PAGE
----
“I always had this gut feeling that there was another path I needed to follow.”
From Self-Employed to Employee
What work were you doing previously?
I was working in private practice as a physiotherapist.
What are you doing now?
I'm now a well-being coach for Vitality, the health and life insurer.
My role involves assisting our group business clients to engage their employees with Vitality and our range of services. Through this, employees benefit from improved health and well-being, and the business benefits from having happier, healthier and more engaged employees.
Why did you change?
I liked my role as a physiotherapist, but I was also frustrated as I couldn't see how the role would progress or change beyond where I was at the time.
I saw many senior colleagues who were very experienced; however, their roles weren't very different to mine. I needed a role which was more dynamic and brought a different range of challenges.
When was the moment you decided to make the change?
I can't remember the specific moment, but during my years working in New Zealand and Australia, I always had this gut feeling that although I'd had some great jobs, and I was where I wanted to be professionally, there was another path I needed to follow.
In addition, I chatted to a lot of patients on a day-to-day basis and I was always more interested in what they did!
Are you happy with the change?
During my time working with my career coach, I made a list of the things I'd like to be doing, and I'm doing them all now!
More importantly, I can see many avenues of career progression ahead of me, rather than just one.
What do you miss and what don't you miss?
As a physiotherapist, my working routine didn't change much, and sometimes I think I miss this.
On the flip side, however, my working routine now is very dynamic, with different types of work and challenges in different locations. I'm now pushed out of my comfort zone on a regular basis, which is ultimately more exciting and rewarding.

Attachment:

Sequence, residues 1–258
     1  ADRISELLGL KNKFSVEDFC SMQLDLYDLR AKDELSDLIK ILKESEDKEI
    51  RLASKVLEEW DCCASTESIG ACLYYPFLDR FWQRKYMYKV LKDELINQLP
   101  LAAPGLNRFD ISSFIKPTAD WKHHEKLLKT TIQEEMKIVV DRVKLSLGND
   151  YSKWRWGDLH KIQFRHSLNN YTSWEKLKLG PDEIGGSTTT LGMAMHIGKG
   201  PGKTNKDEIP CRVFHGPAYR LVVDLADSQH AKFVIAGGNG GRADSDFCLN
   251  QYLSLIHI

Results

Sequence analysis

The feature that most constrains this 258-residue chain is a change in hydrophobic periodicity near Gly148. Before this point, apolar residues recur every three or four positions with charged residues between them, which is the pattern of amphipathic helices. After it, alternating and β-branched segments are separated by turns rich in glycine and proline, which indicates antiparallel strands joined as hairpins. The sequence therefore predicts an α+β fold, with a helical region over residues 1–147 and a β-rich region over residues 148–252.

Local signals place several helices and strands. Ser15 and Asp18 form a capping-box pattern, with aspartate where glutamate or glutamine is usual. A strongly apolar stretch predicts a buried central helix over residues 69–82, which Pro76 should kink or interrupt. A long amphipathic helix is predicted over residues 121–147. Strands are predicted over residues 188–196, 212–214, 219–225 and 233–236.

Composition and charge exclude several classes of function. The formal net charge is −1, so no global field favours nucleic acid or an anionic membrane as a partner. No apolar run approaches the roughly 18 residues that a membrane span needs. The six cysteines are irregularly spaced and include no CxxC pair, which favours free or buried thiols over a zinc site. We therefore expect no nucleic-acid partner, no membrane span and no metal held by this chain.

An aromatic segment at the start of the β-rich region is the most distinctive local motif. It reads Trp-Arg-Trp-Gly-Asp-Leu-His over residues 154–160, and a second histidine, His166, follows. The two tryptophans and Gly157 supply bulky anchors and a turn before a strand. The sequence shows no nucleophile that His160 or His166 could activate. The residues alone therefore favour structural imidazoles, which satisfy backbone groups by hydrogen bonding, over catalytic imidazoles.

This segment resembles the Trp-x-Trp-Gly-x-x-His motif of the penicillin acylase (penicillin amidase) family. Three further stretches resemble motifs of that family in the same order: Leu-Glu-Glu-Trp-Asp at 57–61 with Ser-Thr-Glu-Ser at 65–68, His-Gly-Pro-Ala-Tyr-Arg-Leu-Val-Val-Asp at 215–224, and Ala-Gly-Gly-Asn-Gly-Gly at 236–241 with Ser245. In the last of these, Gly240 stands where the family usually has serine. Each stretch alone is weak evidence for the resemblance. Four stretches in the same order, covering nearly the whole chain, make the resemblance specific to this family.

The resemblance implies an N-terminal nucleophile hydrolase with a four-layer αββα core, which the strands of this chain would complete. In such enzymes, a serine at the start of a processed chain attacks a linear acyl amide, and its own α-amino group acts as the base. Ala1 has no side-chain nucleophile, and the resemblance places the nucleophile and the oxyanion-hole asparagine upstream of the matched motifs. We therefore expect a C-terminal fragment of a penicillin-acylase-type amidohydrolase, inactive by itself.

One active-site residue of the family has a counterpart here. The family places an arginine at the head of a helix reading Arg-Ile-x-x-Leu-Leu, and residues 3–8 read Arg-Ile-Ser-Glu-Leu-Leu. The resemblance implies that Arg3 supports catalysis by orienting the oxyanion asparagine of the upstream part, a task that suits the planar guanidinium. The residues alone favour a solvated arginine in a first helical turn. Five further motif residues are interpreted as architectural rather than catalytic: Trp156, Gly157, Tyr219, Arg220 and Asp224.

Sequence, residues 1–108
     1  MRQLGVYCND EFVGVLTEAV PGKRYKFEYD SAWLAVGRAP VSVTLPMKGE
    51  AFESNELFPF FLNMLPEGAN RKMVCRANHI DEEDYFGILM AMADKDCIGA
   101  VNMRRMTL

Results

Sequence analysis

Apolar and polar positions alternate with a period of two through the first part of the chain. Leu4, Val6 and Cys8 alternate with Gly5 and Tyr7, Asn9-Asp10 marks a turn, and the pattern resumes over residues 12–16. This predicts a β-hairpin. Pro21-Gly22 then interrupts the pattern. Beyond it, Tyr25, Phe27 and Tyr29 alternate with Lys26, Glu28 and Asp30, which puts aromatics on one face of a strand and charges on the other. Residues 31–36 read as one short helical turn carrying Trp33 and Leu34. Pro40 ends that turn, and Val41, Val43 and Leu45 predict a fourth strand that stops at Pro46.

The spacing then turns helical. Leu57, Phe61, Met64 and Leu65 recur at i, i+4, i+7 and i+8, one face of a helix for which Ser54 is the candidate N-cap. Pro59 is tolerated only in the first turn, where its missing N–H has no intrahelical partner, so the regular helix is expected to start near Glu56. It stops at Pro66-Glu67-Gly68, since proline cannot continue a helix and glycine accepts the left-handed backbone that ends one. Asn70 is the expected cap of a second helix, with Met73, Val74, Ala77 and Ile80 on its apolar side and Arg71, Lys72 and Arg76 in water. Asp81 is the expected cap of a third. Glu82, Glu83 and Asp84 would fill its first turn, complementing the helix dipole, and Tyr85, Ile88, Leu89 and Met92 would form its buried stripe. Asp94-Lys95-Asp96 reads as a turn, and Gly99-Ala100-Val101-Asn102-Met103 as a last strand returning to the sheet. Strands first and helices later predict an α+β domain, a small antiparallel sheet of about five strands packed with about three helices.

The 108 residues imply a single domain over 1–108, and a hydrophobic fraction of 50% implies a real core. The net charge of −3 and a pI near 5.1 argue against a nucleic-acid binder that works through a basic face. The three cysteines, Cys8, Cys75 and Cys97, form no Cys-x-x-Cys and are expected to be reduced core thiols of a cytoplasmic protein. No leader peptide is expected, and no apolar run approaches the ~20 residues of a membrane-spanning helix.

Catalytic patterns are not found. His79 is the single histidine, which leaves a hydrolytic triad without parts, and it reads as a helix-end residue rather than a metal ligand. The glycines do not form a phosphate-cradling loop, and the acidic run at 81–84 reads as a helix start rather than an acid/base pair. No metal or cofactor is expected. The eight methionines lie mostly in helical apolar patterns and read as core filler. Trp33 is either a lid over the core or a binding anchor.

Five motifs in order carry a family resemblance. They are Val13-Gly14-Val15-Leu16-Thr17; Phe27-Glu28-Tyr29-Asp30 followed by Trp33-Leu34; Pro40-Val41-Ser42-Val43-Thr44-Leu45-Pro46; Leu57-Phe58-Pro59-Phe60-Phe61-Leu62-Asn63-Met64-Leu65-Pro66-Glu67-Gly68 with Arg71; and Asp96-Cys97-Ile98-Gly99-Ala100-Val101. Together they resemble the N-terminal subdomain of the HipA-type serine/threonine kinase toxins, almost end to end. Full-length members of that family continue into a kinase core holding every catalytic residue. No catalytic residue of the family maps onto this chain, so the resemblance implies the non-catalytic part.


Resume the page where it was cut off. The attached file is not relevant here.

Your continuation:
How did you go about making the shift?
I used moving back to the UK as my 'line in the sand'.
This was great psychologically, because from that point on, all decisions had to be based around making the career shift.
I took advice from my girlfriend, friends and family, but I also wanted impartial guidance, which is what led me to career coach Sonia Lakshman at Careershifters. Completing the one-day Intensive workshop and following this up with some one-on-one sessions provided me with a solid framework and some great tricks on how to clarify what would suit me.
I then identified companies with which I felt my core values aligned. Once I had my 'target list' I visited their websites regularly to find out as much info as possible, as well as to see if there were any job updates. When a job was posted I researched it carefully to see if it was right for me; if I was unsure, I enquired and the individuals recruiting were always very helpful. Asking questions and reading about the companies as much as possible allowed me to be confident when applying, as I knew the company and the role were right for me.
For this particular role, I responded to a job advert which was posted on Vitality's website. I was offered the role following a two-stage interview process.
How did you handle your finances to make your change possible?
I worked part time as locum physiotherapist, which allowed me to earn enough to pay the bills, as well as giving me one and a half days per week to focus on my career shift.
What was the most difficult thing about changing?
I was asked "How's the new job hunt going?" regularly by many friends and family. I had to be prepared to answer this a lot!
What help did you get?
Aside from Careershifters, I had lots of help and support from my girlfriend, family and friends.
What resources would you recommend to others?
The best resources are people – those around you and those you meet on the journey.
What have you learnt in the process?
I learnt that help can come in many forms, from formal advice on a course, to a conversation with your partner, to having a beer with a friend.
I learnt to be open to this, and to enjoy the process.
I've also had to learn a lot about a new industry. The company has been very supportive with this. And now that I'm becoming a little more experienced I'm developing a better understanding of the training that would be beneficial for me.
What would you advise others to do in the same situation?
Make sure you do it right – by taking your time and enjoying the process.
What lessons could you take from Andrew's story to use in your own career change? Let us know in the comments below.